From lobsters to the county of lobster pots, and news that the Cornish accent is to receive a televisual snub.
The Daily Mail reports that stars of the BBC's remake of 70s TV classic Poldark, which is set in Cornwall, were told not to use local accents.
Aidan Turner, who stars as Ross Poldark in the drama, says he thinks production staff were "spooked" over the fuss about the BBC's recent dramatisation of Jamaica Inn, which drew viewer complaints over "mumbling".
"I can tell you all the actors were aiming for 10 out of 10 on enunciation," he tells the Mail.
And now for something completely different, as someone once said.
Tired of your job, seeking a rise, an in-demand profession, maybe a relocation to the countryside? The Times has a suggestion for you.
The paper reveals that chicken sexers can earn nearly £40,000 a year, but despite this relatively handsome reward there is a national shortage of them.
Trained professionals, the Times explains, examine 1,000 chicks an hour looking for "minuscule differences" in the poultry's genitalia to determine which is male and which female.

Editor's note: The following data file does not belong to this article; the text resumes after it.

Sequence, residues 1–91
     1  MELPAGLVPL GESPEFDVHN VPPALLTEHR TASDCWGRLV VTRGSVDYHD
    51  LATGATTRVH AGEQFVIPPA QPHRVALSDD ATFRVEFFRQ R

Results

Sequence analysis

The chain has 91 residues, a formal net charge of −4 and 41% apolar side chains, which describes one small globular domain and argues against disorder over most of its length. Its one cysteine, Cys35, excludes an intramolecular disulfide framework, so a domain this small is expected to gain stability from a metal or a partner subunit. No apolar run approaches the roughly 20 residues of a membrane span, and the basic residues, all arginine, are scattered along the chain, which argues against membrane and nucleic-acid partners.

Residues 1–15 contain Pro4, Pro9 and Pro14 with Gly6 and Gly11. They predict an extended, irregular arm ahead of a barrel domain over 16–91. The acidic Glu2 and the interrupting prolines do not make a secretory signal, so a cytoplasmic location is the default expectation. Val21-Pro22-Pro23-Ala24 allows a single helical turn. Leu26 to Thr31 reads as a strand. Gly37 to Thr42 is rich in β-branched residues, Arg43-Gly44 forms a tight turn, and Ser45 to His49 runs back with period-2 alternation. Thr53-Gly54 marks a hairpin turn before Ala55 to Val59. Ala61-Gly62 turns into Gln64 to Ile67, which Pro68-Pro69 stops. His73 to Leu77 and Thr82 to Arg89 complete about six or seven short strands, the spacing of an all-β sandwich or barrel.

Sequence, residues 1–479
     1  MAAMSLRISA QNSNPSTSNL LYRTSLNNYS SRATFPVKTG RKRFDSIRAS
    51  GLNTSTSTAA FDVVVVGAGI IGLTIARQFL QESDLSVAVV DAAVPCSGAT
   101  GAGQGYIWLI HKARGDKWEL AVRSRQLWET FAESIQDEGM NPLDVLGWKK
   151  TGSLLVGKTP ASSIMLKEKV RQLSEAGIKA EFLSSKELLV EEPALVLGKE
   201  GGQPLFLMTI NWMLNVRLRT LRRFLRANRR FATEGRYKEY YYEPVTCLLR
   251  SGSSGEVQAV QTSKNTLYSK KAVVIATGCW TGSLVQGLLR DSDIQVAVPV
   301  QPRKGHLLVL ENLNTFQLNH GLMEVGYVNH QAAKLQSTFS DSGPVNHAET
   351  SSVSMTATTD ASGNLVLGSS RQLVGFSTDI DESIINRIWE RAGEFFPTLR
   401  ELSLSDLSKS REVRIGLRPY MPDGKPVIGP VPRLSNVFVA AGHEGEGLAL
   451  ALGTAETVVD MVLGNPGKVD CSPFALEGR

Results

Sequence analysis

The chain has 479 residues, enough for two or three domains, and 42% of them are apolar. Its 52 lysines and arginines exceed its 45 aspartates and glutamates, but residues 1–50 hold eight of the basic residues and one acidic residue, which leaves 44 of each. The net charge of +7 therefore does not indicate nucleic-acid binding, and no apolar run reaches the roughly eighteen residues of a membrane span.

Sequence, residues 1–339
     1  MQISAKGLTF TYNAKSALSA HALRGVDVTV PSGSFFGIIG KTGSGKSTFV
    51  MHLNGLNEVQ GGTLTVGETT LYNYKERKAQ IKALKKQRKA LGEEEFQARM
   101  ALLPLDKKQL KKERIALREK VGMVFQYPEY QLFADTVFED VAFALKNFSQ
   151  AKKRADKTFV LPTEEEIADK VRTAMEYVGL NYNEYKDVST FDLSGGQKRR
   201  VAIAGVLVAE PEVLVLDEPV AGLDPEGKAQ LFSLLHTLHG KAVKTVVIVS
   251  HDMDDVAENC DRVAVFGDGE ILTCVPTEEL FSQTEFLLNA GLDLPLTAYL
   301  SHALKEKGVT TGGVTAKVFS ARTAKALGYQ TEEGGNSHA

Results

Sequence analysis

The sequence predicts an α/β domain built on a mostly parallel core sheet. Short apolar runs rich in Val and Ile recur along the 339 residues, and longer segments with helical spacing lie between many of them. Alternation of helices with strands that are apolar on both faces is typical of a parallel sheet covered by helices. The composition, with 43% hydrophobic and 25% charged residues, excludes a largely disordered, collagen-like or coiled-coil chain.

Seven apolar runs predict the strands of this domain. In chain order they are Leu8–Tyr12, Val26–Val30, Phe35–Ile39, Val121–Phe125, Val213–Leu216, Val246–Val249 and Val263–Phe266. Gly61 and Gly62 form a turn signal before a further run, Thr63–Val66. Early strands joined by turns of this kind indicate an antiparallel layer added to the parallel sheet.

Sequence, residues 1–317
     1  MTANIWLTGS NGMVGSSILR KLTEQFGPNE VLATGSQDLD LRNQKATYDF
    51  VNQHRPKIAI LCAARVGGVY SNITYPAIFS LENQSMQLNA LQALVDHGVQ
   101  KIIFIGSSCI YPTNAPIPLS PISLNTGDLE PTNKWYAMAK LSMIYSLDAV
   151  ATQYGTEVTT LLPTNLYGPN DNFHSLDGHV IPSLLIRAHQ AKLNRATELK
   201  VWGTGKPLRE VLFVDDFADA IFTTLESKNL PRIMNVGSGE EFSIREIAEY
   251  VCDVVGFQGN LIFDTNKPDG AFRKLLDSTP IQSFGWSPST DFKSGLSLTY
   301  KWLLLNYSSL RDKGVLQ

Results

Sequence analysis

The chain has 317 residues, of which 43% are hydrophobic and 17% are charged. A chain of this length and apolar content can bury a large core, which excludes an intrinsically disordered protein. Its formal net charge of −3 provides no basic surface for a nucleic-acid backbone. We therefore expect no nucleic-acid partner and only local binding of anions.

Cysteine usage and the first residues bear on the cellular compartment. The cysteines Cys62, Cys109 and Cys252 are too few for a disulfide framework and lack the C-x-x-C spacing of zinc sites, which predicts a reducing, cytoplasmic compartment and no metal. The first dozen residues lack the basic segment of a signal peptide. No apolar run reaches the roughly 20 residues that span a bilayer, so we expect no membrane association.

Andrew Large of the British Poultry Council, which wants the job put on an official government skill shortage list, says no machine could achieve the 97 to 98% accuracy that a qualified sexer can.
He adds: "I think the problem is the job itself. You are spending hours every day staring at the backside of a chick. That is not seen as being attractive.
"In south-east Asia a chick sexer is a high status job. In the UK it is more likely to be the butt of humour."